United States presidential line of succession
The United States presidential line of succession is the order in which government officials replace the president of the United States if the president leaves office before an elected successor is inaugurated. If the President dies, resigns or is removed from office, the Vice President becomes President for the rest of the term. If the Vice President is unable to serve, Speaker of the House acts as President.
Previous lines of succession[change | change source]
The United States Constitution says that the Vice President of the United States is the person who will replace the President if the President is not able to continue. It is very important to know who the new president will be if they are not able to serve any longer.
The laws about succession (after the Vice President) were first created in 1792. The second in line, after the Vice President was the leader of the Senate. The next in line was the Speaker of the House of Representatives. In 1868, during the impeachment trial of President Andrew Johnson, Benjamin Wade was the leader of the Senate. He almost became president, but Johnson was found not guilty by one vote. Johnson had been the Vice President for Abraham Lincoln. He became President after the assassination of Lincoln. Because of Lincoln's assassination, there was no Vice President at the time.
In 1886, after the death of Vice President Thomas A. Hendricks, Congress passed a law that took out the leaders of the Senate and House of Representatives from the line of succession. The new person behind the Vice President in line was Secretary of State, followed by other Cabinet members. The leaders of the Senate and House were restored to the line of succession by the Presidential Succession Act of 1947.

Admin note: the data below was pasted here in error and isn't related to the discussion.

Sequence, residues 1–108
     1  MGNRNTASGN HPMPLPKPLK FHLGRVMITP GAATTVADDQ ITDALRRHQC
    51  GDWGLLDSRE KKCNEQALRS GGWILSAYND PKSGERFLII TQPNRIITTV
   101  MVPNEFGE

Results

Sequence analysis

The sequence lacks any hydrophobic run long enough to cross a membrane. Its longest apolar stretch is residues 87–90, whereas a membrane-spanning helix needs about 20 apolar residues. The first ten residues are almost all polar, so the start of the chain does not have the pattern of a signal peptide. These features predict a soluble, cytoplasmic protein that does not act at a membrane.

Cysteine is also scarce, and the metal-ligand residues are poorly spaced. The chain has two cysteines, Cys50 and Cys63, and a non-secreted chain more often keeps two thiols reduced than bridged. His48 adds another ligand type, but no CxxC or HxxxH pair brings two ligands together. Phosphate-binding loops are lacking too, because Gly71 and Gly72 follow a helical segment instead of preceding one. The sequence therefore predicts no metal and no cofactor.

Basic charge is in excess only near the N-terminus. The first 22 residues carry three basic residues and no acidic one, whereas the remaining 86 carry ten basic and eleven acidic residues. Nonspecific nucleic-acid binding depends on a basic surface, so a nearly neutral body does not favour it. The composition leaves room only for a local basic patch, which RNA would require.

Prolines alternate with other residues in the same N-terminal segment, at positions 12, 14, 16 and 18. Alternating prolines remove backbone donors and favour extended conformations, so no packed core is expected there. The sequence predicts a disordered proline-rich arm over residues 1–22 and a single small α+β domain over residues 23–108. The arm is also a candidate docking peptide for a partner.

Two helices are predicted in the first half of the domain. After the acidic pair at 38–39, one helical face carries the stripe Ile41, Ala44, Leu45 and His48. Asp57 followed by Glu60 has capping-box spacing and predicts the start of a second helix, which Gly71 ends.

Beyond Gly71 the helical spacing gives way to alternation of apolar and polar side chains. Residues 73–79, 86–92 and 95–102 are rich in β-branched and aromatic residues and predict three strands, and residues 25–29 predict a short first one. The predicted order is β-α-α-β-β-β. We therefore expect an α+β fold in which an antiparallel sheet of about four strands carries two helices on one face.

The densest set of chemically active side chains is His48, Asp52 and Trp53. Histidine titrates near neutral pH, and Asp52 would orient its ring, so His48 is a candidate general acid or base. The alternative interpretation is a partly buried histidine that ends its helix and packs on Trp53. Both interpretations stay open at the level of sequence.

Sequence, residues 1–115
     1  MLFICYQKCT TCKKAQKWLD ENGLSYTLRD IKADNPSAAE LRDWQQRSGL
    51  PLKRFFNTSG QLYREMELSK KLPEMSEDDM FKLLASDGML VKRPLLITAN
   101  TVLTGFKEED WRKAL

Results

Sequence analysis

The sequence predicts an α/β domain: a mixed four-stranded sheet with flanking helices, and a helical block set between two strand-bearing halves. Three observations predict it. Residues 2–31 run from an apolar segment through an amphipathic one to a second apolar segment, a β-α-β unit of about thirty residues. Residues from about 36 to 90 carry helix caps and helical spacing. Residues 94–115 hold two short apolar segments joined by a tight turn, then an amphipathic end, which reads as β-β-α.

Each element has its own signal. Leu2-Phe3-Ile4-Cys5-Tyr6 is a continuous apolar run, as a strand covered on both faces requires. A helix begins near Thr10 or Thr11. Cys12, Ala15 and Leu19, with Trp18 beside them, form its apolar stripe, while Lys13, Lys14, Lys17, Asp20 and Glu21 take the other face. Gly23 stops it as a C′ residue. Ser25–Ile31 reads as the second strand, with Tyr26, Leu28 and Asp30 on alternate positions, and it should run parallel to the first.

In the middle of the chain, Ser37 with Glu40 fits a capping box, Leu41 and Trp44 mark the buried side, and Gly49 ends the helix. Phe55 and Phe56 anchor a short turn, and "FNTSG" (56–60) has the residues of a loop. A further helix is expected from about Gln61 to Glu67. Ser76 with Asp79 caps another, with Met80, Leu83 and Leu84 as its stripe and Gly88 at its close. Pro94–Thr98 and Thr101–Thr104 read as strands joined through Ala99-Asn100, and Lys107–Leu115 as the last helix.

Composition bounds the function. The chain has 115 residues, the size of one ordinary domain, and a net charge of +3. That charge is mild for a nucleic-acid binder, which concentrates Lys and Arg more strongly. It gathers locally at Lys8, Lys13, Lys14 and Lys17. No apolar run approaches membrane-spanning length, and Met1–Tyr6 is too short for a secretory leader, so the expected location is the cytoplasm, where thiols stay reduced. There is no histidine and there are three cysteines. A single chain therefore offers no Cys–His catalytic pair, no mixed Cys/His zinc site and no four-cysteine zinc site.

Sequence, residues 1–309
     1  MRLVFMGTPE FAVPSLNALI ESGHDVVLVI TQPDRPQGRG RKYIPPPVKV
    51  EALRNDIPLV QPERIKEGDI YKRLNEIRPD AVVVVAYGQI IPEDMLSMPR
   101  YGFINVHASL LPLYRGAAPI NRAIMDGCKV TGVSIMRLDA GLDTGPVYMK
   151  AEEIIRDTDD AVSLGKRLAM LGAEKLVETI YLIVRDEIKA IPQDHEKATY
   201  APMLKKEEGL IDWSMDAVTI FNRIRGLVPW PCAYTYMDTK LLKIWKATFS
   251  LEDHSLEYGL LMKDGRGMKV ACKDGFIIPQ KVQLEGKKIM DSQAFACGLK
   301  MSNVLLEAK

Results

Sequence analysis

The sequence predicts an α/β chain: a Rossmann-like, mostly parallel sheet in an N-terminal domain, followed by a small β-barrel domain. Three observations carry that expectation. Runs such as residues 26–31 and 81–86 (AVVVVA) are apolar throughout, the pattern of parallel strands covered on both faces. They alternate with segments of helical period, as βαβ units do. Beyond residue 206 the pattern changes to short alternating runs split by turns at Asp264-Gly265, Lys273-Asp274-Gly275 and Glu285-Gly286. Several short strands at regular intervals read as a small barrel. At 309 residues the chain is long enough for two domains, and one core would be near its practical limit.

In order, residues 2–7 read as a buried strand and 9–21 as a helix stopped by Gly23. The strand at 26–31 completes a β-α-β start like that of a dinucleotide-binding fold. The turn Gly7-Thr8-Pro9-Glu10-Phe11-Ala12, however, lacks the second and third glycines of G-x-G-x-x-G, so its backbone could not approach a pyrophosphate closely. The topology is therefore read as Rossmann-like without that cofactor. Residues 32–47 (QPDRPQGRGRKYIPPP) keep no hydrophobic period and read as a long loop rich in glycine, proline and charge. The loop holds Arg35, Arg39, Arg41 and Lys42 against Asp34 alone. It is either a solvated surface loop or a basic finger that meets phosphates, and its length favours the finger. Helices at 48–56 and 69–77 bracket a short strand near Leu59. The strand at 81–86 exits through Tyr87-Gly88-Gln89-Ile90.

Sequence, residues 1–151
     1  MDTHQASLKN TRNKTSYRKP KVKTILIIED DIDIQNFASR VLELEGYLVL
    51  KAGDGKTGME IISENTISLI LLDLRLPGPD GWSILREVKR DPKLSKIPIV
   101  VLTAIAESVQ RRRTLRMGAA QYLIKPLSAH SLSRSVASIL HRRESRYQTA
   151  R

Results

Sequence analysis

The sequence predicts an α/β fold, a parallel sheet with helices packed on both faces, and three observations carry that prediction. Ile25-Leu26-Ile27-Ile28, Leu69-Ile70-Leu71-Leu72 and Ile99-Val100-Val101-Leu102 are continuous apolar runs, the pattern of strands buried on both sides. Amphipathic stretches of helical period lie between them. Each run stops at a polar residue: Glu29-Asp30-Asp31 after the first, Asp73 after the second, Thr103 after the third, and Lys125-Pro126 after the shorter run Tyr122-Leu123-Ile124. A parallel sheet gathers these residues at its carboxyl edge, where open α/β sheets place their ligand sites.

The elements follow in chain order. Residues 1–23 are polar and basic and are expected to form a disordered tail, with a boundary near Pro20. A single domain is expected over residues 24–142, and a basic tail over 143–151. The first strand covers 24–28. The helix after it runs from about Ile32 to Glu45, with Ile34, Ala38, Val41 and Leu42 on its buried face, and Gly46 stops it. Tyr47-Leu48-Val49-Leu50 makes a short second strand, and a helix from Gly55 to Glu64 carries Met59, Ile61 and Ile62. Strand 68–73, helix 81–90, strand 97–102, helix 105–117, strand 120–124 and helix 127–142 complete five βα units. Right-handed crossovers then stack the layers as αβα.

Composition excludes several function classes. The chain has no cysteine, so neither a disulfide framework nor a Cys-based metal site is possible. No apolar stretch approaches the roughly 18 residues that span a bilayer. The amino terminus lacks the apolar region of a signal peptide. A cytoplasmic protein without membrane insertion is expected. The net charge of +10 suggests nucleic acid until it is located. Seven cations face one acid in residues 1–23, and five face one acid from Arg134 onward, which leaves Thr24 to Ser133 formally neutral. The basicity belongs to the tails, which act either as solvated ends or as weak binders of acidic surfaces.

Present line of succession[change | change source]
Below is the current line of succession for the President of the United States:
|1||Vice President||Kamala Harris||Democrat|
|2||Speaker of the House of Representatives||Nancy Pelosi||Democrat|
|3||President pro tempore of the Senate||Patrick Leahy||Democrat|
|4||Secretary of State||Antony Blinken||Democrat|
|5||Secretary of the Treasury||Janet Yellen||Democrat|
|6||Secretary of Defense||Lloyd Austin||Democrat|
|7||Attorney General||Merrick Garland||Democrat|
|8||Secretary of the Interior||Deb Haaland||Democrat|
|9||Secretary of Agriculture||Tom Vilsack||Democrat|
|10||Secretary of Commerce||Gina Raimondo||Democrat|
|11||Secretary of Labor||Marty Walsh||Democrat|
|12||Secretary of Health and Human Services||Xavier Becerra||Democrat|
|13||Secretary of Housing and Urban Development||Marcia Fudge||Democrat|
|14||Secretary of Transportation||Pete Buttigieg||Democrat|
|–||Secretary of Energy||Jennifer Granholm[A]||Democrat|
|15||Secretary of Education||Miguel Cardona||Democrat|
|16||Secretary of Veterans Affairs||Denis McDonough||Democrat|
|–||Secretary of Homeland Security||Alejandro Mayorkas[B]||Democrat|
Notes[change | change source]
- Secretary of Energy Jennifer Granholm is ineligible to become acting president, as she is not a natural-born U.S. citizen. Granholm's citizenship was acquired through naturalization.
- Secretary of Homeland Security Alejandro Mayorkas is ineligible to become acting president, as he is not a natural-born U.S. citizen. Mayorkas' citizenship was acquired through naturalization.
References[change | change source]
- See United States Constitution, Amendment XXV.
- "Succession to the Presidency - A Chronology". Retrieved 21 October 2015.
- Lord, Debbie (June 18, 2018). "A president resigns, dies or is impeached: What is the line of succession?". WFTV.com. Cox Media Group. Retrieved June 18, 2018.